4. A tender and perceptive heart is a beautiful thing. Especially so in a culture that has not always encouraged that. I had a tenderhearted boy who becase a tenderhearted man and he is a gift. Beautifully said.

  5. I have always thought that Sean was way beyond his years. Wisdom is not born in the child, it was placed in his heart by two loving, patient antique parents. I am so happy that he cured your “children ache”.

  6. You know, I don’t think I’ve ever read your story about being an antique mommy….wow, what a ride. And what a joy Sean is….I think he “gets it”, and I think he is gifted with a perception by God. One day he will be a godly man, and a joy to know….as he is now. How fabulous!

  7. What a beautiful way to put it. Sean is wise beyond his years, an old soul. Not to mention he is such a cutie!

  8. I just finished reading David Copperfield. Whew! Man, that was a tough one. I don’t ever remember reading it before. Now, I can cross that book off my list. I can read the Nicholas Sparks that I got for Christmas. A little lighter reading than Dickens!

  9. It thrills me to hear that Sean is enjoying the great children’s classic books. I’ve always believed that children who are read to and live in homes with books always available grow up to be life-long readers. Books take you places, teach you, entertain, amuse, make you think, touch the heart…..I am going to re-read some of my favorites this year, starting with Little Women. Colleen

  10. Thanks for linking to your story! In all this time, I’d never known “the rest of the story.”

    I’ve been reading many of the fairy tales to my 4YO son, and I’m telling you — they are scary! Many of the classics deal with orphans and abandonment issues — which some day I’ll have to address w/ my 2YO. Unfortunately, what is just a “scary fairy tale” for most is the truth to her…and it Breaks. My. Heart. I’ve got a hard road ahead of me.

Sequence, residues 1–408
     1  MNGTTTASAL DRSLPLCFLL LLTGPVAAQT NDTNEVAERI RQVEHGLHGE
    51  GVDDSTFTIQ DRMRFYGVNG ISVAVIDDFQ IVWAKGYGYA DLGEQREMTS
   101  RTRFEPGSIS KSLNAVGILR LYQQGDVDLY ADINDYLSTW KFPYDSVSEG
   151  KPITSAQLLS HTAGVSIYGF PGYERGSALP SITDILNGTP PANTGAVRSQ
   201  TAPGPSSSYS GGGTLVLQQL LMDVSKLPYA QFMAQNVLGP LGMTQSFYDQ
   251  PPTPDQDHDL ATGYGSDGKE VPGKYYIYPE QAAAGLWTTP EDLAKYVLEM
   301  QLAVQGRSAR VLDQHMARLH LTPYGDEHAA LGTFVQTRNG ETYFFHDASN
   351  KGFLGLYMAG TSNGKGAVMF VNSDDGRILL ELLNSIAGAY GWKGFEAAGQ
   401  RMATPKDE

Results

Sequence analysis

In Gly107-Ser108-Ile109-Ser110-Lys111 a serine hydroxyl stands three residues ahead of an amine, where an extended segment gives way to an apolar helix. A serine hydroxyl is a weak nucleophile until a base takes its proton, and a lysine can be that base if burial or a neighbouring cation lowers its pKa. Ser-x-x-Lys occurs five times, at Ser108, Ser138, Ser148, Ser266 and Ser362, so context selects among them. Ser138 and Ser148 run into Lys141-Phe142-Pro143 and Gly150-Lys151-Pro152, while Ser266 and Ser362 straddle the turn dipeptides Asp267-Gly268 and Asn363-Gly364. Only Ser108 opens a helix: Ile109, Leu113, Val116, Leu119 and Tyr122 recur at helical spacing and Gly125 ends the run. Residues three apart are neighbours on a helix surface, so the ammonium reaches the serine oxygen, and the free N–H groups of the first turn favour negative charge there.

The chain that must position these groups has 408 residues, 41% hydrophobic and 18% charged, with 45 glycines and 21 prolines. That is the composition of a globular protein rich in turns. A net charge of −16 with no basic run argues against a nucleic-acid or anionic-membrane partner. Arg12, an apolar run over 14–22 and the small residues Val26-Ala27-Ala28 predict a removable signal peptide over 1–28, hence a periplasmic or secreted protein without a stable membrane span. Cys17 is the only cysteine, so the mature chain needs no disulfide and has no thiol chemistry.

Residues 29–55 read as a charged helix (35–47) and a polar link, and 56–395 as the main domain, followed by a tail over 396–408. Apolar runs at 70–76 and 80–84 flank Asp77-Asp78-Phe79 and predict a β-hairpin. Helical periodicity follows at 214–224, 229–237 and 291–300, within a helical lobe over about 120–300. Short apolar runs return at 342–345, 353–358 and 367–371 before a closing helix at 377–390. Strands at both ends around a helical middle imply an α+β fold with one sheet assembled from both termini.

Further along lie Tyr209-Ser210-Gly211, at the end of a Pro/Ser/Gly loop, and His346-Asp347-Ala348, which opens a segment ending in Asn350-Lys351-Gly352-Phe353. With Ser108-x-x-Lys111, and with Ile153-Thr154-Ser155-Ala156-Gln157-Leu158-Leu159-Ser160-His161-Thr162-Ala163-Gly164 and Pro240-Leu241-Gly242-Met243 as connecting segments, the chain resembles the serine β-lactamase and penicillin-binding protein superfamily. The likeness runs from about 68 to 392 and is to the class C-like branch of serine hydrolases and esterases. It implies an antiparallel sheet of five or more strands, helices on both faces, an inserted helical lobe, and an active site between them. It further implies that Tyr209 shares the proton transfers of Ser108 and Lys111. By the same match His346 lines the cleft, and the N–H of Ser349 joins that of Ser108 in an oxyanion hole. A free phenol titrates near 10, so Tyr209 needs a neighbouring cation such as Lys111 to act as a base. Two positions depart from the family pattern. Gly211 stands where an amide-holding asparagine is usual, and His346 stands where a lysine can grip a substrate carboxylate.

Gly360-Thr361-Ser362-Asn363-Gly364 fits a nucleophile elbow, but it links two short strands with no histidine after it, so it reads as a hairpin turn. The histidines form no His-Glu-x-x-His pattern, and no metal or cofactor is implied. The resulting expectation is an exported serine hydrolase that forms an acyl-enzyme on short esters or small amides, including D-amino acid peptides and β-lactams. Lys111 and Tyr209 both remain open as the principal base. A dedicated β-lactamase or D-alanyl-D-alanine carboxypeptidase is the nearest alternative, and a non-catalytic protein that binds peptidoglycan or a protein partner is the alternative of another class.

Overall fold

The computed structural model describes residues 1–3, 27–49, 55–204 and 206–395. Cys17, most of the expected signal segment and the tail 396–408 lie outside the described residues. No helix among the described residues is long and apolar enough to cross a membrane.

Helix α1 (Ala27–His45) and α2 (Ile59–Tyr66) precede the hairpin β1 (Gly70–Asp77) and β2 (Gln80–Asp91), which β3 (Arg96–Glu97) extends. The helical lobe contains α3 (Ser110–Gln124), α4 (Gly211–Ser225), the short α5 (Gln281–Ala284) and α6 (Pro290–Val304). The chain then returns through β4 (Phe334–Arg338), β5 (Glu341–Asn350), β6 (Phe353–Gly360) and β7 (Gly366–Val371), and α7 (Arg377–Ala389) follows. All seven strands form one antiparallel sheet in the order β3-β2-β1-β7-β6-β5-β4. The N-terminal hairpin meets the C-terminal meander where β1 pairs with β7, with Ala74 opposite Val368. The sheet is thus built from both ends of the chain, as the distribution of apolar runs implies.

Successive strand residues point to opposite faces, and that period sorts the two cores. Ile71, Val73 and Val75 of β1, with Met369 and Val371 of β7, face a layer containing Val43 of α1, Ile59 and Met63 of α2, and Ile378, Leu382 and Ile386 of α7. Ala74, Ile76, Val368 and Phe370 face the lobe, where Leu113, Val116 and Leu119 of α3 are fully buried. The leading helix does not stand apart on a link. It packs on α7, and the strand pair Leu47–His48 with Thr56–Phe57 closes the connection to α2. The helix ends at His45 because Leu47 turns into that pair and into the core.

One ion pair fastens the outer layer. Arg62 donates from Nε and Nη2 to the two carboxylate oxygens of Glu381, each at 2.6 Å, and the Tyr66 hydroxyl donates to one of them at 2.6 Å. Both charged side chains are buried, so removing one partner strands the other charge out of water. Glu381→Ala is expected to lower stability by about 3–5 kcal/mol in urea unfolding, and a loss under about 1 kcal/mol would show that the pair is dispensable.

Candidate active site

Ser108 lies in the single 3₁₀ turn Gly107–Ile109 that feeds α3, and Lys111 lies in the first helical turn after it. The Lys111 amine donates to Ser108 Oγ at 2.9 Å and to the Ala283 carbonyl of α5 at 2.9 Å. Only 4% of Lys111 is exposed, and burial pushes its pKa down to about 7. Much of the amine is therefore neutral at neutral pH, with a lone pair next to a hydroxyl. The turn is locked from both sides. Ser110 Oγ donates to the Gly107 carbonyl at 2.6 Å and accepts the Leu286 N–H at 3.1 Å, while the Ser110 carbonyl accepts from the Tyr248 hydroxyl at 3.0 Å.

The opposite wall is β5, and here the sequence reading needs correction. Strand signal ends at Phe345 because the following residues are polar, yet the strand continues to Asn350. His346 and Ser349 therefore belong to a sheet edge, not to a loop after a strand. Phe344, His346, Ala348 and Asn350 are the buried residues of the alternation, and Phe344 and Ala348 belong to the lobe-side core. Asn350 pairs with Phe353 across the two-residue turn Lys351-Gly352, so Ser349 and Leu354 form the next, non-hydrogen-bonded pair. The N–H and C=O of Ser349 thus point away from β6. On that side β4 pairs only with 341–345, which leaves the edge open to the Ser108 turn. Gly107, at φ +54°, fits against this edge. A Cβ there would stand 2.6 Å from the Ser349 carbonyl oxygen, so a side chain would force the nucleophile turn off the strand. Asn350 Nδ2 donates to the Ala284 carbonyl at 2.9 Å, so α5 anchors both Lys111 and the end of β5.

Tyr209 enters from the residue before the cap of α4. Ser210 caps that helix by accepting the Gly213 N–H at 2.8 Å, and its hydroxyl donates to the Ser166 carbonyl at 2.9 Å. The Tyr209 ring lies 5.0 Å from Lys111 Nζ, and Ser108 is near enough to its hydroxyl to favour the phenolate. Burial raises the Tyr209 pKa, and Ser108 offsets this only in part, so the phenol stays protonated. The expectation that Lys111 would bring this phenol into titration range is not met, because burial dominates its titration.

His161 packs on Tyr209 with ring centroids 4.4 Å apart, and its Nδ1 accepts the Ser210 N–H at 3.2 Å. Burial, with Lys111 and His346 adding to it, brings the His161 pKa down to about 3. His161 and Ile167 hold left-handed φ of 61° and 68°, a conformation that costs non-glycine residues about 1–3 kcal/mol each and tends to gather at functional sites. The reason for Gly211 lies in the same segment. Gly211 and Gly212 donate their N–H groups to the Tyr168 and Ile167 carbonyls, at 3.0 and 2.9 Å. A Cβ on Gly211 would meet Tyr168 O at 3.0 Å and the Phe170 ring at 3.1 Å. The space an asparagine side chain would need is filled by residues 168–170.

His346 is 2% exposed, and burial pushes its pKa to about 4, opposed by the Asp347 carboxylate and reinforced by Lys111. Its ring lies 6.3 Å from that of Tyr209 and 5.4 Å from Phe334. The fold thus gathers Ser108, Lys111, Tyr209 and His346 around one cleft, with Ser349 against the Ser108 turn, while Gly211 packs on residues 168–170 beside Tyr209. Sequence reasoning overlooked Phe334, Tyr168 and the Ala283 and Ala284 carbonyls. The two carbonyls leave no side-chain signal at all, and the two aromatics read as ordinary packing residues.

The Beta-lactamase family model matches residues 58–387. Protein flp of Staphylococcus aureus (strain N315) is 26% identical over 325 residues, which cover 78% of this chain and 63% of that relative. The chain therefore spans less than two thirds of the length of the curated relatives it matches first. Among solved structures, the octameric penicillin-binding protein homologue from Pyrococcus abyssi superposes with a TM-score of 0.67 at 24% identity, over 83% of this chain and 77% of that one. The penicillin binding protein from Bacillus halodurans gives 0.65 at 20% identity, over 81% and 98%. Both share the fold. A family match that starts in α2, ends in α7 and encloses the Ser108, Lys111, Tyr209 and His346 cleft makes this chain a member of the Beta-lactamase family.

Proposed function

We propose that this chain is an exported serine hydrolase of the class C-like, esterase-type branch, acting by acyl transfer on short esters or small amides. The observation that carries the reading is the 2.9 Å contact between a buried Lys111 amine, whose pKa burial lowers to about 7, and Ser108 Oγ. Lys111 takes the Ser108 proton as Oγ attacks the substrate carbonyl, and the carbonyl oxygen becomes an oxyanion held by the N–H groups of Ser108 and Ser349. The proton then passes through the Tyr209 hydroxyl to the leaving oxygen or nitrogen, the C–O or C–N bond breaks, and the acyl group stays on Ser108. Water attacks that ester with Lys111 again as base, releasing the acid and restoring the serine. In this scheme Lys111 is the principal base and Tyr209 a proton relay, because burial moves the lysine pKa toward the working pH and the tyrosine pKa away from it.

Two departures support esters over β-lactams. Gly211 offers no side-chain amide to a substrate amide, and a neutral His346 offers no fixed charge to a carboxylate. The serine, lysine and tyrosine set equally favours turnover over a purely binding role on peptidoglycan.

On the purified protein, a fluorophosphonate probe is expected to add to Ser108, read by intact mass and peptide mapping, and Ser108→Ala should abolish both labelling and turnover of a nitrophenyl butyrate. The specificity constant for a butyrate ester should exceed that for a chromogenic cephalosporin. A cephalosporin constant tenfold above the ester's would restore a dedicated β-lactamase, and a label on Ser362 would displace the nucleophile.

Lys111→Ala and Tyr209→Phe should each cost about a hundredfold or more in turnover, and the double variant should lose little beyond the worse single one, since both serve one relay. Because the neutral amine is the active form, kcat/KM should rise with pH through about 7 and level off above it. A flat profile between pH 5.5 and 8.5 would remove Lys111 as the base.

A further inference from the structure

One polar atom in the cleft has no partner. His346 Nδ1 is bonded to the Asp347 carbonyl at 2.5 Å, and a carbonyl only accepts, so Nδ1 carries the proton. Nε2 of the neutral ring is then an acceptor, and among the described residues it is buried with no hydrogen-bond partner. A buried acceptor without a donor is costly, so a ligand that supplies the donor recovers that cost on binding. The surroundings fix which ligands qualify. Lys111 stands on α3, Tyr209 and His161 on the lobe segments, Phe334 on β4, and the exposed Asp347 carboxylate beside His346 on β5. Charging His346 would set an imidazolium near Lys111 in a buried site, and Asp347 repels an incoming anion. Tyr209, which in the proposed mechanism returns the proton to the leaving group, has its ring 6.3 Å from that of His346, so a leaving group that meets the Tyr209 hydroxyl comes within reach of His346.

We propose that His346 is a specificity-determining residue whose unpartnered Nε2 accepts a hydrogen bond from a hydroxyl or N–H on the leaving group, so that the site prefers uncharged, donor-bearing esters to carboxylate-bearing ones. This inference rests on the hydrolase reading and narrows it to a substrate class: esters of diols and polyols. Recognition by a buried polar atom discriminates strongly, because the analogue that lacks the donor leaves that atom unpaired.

In other news…

    Sean might enjoy The Dragonling. Owls in the Family. Paddington Bear. The Wizard of Oz. The Little House books are surprisingly boy-friendly, but after reading 2 1/2 of them, we had to move on. Oh! Another good one is Sign of the Beaver.

  11. I love that you’re getting book recommendations here.

    We have moved on to BigSpeak doing the reading these days, so in some respects our “stories” have gotten a bit more basic, but it’s still so fun to read with them. And having girls, I have to say that I do love that there are so many positive girl stories out there now. (Don’t get me wrong, the princesses are alive and well here, but there are LOTS of stories in which the heroine holds her own now and I love that.)

    BTW, Sean gives me a child ache. Not a bad one, I have two beautiful kids. But he’s good at reminding me of why I wanted them in the first place. It’s like newborn baby smell; makes my uterus ache. And then LittleSpeak reminds me of why we’re done having kids.
    Somehow Sean’s “child ache” is so much more eloquent than my “uterus ache”.

  12. Oh I loved these books! My boys loved Winnie the Pooh – all of those books and they’re clever which kept me interested. Eeyore’s birthday can still make me cry! The Jungle Book – amazing and insightful book – taught me and mine to respect and celebrate difference.